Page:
In two years, WildHorse Resources LLC, a privately held oil and gas company, swelled from a tiny business of 10 employees into a group of about 70. While that’s still small, the Houston-based company managed its exponential growth during a shaky economic time. Those factors spurred WildHorse to look beyond Excel and at a wider array of business intelligence (BI) tools.
“Our business is extremely dynamic,” said Steve Habachy, vice president of operations. “We tend to shift direction as the market changes direction. That can change what you’re going to produce and not produce.”
Supporting an Agile work environment became essential for any BI tool WildHorse would invest in, but so was another trait: Collaboration. Almost half of WildHorse employees -- about 30 in total -- spend time on the road disconnected from office meetings and decision makers. Bringing them into the conversation also became a priority, Habachy said.
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According to industry experts, the link between agility and collaboration is gaining popularity within BI. The reasons for this are varied but essentially hinge on a changing business environment. Companies today are operating within a more chaotic, competitive, global terrain than ever before.
The new conditions require businesses make decisions quickly to adapt to change, all while trying to manage scores of data, reports and analyses and address employees’ shifting expectations. This isn’t quite how BI has traditionally provided support, said Barry Devlin, the founder of 9sight Consulting, based in Cape Town, South Africa.
“BI has always been something that was very much a personal exercise,” Devlin said, adding that business intelligence, which used to be called decision support, tends to focus on product rather than process. “But I think we need to move from decision support to decision-making support.”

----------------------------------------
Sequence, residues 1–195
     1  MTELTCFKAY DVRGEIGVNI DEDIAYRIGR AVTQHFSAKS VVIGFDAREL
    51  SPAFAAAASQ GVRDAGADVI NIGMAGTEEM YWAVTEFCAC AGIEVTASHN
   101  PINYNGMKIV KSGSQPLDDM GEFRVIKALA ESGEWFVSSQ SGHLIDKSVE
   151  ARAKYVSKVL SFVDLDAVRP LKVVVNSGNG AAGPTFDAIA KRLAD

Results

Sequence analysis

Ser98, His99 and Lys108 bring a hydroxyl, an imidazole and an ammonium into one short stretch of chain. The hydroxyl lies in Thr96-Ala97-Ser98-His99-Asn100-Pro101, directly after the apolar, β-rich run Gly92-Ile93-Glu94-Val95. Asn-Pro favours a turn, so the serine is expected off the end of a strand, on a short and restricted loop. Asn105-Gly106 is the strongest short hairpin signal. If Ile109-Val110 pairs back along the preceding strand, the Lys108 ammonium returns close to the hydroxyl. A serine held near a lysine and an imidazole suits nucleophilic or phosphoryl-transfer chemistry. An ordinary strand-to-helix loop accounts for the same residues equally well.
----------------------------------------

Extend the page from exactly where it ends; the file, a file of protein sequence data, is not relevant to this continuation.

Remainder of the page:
Collaboration: Why now?
The concept of collaborative BI, or collaborative intelligence, is not a new one. But in the last six months or so, vendors -- especially those that sell data discovery products -- have touted their latest features.
In October, QlikTech released QlikView 11 and its “social business discovery,” which enables multiple users to interact with the same data through a shared dashboard. In November, Tibco released Spotfire 4.0, providing, in part, an enhanced version of its social networking tool, tibbr. By January, tibbr also included geo-location capabilities.
Like other BI terms, the word collaboration is interpreted differently from one vendor to the next. The Denver, Colo.-based Lyzasoft, for example, built its line of products around social capabilities, whereas Microsoft SharePoint, a popular collaborative tool, is known for its content management capabilities.
Regardless of a product’s strengths or the nebulous nature of the term itself, experts agree collaborative BI should support the process of making a data-driven decision. Facilitating ways to do so has never been more vital -- or more complex, according to experts.
“BI has reached a point where it’s become important enough and easy enough to use that businesses don’t need one or two specialized analysts anymore,” said Donald Farmer, product advocate for the Radnor, Pa.-based QlikTech. “Now a lot more people are involved with BI tools and, as a result, there are more analyses, more reports flying around and more people are interested in them.”
The number of people analyzing data is growing, but so is the rate at which businesses need to make data-driven decisions.
“The world we are living in is highly chaotic,” Devlin said, “and it’s difficult to predict what’s going to happen day to day or week to week.”
Don’t leave it to email